Amanda, who was sitting in the seat opposite mine, was far more interested in the countryside than she was in me. smilies

It took 45 minutes to arrive in Llanfair Caereinion Station and we were there by 12:00 midday.

They have a nice little tea shop at the station where we had a light lunch. I had carrot and coriander soup with a crusty roll and Amanda had a ham sandwich. We both had some coffee cake for our dessert. Yum!

We boarded the train once again, after lunch, for the journey back to Welshpool. This particular train stops here for an hour probably because it is around lunchtime and then sets off for Welshpool at 1:00 PM to arrive back at 1:45 PM.

I don't know what speed the train reaches but I would estimate that at times we were hurtling along at 20 MPH. smilies

We enjoyed that little trip and will have to re-visit that railway again.
 

‘Hello Dolley’ then ‘Up, Up and Away’

‘Hello Dolley’ then ‘Up, Up and Away’

This is where it all started:

It looks pretty inocuous doesn't it? The start of a path in a little place called Dolley Green. This is part of Offa's Dyke Path where it passes through Dolley Green on its way to Knighton. From here to Knighton is 5 miles which is what I'll be walking having been dropped off by Amanda.

I watched our car disappear into the distance and started up the path. The only sounds were those of the birds and along each side of the path were Red Campion (red), Bluebells (blue) and Greater Stitchwort (white) – lovely!

I new that I'd be going over some significant hills so the fact that the path angled gently upwards wasn't a surprise and the highest point was some way away so I wasn't expecting anything steep. The path was lined with trees so that I couldn't see any of the surrounding landscape until I came out into the open.

That small group of buildings to the right is where I started; not a big place. I still couldn't see anything ahead because of the rising ground until I came to the brow of the hill.

Now that isn't a bad view and look at all those buttercups. Then the path became a little steeper. I expected to see a lot of sheep and I wasn't disappointed. This one was curious enough to come and get a good look at me.

It didn't come very near and eventually decided that I was decidedly boring and moved away so I moved on too. A little further on I stopped to look back.

Dolley Green is still visible but you can see that I've gained more height. My little black friend is also still visible on the path. I carried on along the path and then it started to get steeper and steeper and I went up, up and up. Remember me saying that I wasn't expecting anything steep? Well I was wrong.

 Having gained significantly more height I took two more photographs. The first looking back and the second looking ahead.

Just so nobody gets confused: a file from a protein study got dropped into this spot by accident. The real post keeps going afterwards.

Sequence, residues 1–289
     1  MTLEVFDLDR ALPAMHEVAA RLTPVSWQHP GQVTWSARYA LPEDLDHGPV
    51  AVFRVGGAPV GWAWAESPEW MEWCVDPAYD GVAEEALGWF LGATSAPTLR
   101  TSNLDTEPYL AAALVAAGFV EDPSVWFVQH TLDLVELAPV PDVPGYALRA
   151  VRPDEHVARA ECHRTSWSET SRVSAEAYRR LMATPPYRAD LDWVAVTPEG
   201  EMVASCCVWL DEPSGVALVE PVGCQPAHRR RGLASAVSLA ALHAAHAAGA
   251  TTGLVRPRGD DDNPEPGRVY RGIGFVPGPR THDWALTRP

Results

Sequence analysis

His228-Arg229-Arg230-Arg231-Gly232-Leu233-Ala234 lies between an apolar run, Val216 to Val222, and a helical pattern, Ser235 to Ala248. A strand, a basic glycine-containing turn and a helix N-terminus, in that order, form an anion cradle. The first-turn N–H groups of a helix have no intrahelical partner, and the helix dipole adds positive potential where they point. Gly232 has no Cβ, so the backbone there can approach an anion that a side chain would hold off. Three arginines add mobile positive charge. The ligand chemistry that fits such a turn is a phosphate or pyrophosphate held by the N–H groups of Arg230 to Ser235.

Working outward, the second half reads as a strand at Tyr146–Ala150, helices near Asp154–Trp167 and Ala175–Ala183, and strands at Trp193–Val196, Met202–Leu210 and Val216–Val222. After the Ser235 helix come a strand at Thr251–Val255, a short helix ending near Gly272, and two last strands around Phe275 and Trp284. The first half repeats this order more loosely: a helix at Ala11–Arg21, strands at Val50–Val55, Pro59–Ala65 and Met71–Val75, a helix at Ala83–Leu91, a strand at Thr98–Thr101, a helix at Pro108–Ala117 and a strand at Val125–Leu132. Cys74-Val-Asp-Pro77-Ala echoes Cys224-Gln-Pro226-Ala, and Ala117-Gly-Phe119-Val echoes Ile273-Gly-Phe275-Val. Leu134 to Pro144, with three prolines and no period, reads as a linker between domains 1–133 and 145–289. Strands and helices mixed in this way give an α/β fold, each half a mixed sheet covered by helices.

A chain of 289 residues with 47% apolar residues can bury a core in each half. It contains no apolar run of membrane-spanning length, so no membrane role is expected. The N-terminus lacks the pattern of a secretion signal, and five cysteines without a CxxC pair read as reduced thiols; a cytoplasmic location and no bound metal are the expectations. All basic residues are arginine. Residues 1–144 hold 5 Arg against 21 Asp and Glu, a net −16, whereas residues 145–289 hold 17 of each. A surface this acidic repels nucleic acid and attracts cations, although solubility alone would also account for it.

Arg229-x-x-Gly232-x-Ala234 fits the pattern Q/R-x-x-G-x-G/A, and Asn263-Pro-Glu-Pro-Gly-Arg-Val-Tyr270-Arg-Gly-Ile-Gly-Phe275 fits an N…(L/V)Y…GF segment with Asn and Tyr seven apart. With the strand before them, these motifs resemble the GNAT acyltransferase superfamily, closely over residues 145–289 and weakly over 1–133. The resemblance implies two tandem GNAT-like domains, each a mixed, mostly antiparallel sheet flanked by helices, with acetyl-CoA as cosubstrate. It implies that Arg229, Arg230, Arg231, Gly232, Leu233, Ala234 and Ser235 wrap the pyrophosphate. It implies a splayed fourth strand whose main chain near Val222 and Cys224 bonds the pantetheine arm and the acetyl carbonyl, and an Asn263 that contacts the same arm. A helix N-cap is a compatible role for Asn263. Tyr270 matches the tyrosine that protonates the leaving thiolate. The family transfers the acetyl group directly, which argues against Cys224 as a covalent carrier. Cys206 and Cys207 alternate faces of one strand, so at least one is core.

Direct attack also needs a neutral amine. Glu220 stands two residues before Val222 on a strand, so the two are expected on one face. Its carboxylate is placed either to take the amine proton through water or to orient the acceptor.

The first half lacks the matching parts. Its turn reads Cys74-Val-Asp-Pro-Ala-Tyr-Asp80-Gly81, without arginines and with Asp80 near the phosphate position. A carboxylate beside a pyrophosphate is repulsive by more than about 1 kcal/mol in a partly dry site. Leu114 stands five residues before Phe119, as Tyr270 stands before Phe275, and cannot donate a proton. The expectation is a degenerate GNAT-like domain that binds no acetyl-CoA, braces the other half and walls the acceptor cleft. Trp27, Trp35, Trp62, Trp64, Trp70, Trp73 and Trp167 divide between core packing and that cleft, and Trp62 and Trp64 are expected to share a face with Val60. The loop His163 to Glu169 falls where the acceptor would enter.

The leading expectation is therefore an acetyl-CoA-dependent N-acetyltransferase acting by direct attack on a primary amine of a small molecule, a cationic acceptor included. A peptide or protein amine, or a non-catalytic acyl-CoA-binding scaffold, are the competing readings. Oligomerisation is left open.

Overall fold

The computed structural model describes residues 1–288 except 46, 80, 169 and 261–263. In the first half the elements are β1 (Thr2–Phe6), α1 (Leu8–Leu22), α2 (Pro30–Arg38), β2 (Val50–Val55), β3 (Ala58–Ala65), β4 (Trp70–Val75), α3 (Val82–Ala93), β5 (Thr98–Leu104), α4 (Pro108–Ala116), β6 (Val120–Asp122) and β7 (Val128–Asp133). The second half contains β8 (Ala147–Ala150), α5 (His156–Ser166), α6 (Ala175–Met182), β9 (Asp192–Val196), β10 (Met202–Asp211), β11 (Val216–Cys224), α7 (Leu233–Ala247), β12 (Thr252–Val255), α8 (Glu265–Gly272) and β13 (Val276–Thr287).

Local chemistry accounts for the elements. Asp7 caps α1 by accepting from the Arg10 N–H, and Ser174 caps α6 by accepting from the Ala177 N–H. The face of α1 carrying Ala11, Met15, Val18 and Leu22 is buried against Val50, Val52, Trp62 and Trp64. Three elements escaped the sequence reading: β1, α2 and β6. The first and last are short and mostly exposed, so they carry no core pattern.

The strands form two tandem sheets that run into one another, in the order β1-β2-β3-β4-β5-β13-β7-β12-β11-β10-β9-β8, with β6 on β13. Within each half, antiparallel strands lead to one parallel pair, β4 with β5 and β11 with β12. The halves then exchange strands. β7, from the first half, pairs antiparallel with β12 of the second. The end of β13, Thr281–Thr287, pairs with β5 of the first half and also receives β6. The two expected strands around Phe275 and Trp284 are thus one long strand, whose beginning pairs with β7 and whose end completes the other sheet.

I was glad to see that the slope reduced a bit but I was still climbing. The path is well waymarked with signs such as this, english on the right, welsh on the left although some features such as gates or styles show just the acorn symbol.

The acorn denotes that this path is a 'National Path' and, as this is the only national path around here, it shows that you are on Offa's Dyke Path. The 'National Paths' are long distance paths including ones such as the Pennine Way.

The views from up here were tremendous, as you might expect, and included the inevitable sheep. There are changes of direction on this path but they are well signed.

I have just come through that gate having turned a right-angle and you can see the 'National Path' symbol not to mention the view beyond. I must now have reached maximum elevation, thank goodness, and still the views are endless but that, of course, is one of the reasons for coming.


One thing you may have noticed and that is that there has been no sign of Offa's Dyke. That is about to change as I reach a part where the dyke is apparent. The dyke bank in the first picture should be visible with the ditch on the right and in the second picture the dyke is decorated with bluebells along its length.


I mentioned earlier about the acorn symbol and this is another example:

The acorn symbol is visible on the left-hand gatepost which tells you that you are on the right path. Just beyond is a lovely patch of Bluebells and the line of trees is actually growing on the dyke which is well formed along this length.

This next section shows the dyke very well as the bank is quite high and has a well formed ditch this side of it.

I am now approaching Knighton and I see that the rounded hump off to my left is in fact Garth Hill which is very near our house. The TV transmitter mast on the top is also just visible.

Soon after that I start down the wooded slope which will take back into Knighton. It's not very steep at first but I know, from looking at the closely packed contours on the map, that it's going to get steeper and it does.

I can now see the buildings in Knighton below me, through the trees, and the slope is steep enough that the ends of my toes are resting against the front of my boots which becomes uncomfortable after a while. However I am soon back down and it's a short walk home.

The GPS statistics for my walk are below but you may want to skip them.

Distance 5.45 miles
Total time 3 hours 10 minutes
Of that time I was actually moving for 2 hours 4 minutes
Average speed 2.62 MPH
Maximum altitude 1112 feet starting from an altitude of 314 feet
I was climbing for 1 hour 11 minutes and descending for 1 hour 37 minutes